Before you leave for a few days on paradiso, aka the island of Ventotene, you’ll probably want to jot down a list of what to take: sunscreen, mask and snorkel, swimsuits, towel, good walking shoes, books, books and more books (this is a “literary island”, after all).
And take note, too, of “not-to-miss experiences” while you’re there:
– drop in at the Forno Aiello frequently enough to taste all the goodness: tiella alla scarola (escarole focaccia, the bakery specialty), all the varieties of ricotta-filled pastries, the eggplant polpette, the filled pizzas, the arancini (rice balls)… to name a few.
-work off the Aiello goodness with strolls along the ramparts flanked with stuccoed pastel-tinted houses and long daily swims in the turquoise waters off the jutting lavic rocks below the lighthouse.
-in the evening, join sea-saturated vacationers browsing in Fabio’s bookstore just opposite the 18th century municipio (city hall) on Piazza Castello. It’s the island cultural heart.
– take a boat over to the small island of Santo Stefano for Salvatore’s intriguing guided tour of the former prison there, unique in its structure, unique in its implementation of innovative prison reforms (ask Fabio for books on the subject).
– take the evening guided walk with Silvana through the labyrinthine Roman cisterns (turned into a prison in the 18th century)
-join Elena’s fascinating sunset guided tour of the ruins of the Villa Giulia where Augustus exiled his daughter in the 1st c. AD (and she’ll tell you the whole story of why…)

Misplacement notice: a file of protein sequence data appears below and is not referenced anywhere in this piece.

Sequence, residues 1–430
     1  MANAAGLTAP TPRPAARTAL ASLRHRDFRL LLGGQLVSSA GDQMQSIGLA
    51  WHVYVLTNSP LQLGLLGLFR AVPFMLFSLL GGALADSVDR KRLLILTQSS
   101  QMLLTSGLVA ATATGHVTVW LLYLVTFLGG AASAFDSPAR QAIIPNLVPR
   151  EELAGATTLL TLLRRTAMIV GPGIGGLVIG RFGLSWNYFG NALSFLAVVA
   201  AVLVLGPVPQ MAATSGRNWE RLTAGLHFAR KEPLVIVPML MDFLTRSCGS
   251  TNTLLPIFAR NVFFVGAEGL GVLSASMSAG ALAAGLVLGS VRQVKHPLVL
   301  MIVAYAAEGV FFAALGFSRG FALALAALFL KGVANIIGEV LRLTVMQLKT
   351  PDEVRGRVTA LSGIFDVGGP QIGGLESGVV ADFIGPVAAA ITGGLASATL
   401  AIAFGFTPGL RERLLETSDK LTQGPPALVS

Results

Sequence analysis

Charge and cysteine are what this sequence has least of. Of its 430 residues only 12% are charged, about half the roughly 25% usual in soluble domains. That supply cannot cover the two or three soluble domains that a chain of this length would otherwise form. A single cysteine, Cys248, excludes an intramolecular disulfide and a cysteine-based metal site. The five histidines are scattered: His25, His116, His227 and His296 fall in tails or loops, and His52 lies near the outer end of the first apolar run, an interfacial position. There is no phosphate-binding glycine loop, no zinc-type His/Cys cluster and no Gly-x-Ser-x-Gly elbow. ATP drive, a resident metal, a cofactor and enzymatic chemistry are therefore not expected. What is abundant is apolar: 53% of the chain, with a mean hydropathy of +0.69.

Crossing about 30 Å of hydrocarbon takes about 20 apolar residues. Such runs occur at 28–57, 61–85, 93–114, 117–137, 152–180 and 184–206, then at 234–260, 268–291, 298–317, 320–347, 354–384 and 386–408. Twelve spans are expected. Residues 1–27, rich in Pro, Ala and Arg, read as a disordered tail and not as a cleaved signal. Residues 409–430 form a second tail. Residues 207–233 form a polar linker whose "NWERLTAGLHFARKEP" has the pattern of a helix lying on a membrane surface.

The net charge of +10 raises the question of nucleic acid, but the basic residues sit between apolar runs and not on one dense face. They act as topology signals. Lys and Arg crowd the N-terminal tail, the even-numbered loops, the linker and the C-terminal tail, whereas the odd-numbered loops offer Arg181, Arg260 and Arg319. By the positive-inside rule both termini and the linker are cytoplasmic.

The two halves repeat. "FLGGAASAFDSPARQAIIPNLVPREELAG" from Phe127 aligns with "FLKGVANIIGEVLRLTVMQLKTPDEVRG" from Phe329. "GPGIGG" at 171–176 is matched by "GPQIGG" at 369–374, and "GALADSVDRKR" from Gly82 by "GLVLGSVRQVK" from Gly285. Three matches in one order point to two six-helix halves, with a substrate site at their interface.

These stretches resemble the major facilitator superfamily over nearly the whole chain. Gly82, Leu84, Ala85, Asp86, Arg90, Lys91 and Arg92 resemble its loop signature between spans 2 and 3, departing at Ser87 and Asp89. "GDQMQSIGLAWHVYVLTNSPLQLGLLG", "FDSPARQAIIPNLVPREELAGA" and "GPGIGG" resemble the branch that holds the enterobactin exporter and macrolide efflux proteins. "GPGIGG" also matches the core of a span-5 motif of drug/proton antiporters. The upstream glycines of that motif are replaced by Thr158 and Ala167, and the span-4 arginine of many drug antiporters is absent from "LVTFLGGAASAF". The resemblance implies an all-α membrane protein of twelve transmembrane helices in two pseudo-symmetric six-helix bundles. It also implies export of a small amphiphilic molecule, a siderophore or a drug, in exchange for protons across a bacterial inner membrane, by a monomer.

– sip your morning espresso at the outdoor tables of Bar/Ristorante Da Verde under a canopy of vines, and you can line up with other vacationers for the newspaper around 11 a.m at the newsstand next door (the ferry comes in about then, bringing the papers).
– stay on Ventotene long enough to savor the tasty seafood at the various dockside cafes (and more than once, as you’ll have favorites).
-don’t miss the 3-hour giro dell’isola (trip around the island) on a small boat with others (not more than ten usually in a boat), with stops to swim in the translucent water of hidden coves (reachable only by boat). If you can, book Gianmarco as his passione for his island’s Roman (and not only) history is contagious.
To give you an idea:
Another one of Anne’s notes on Ventotene, the island of exile.
..and the Forno Aiello.
… the Bar/Ristorante Da Verde.
… and the tasty seafood at the dockside cafes.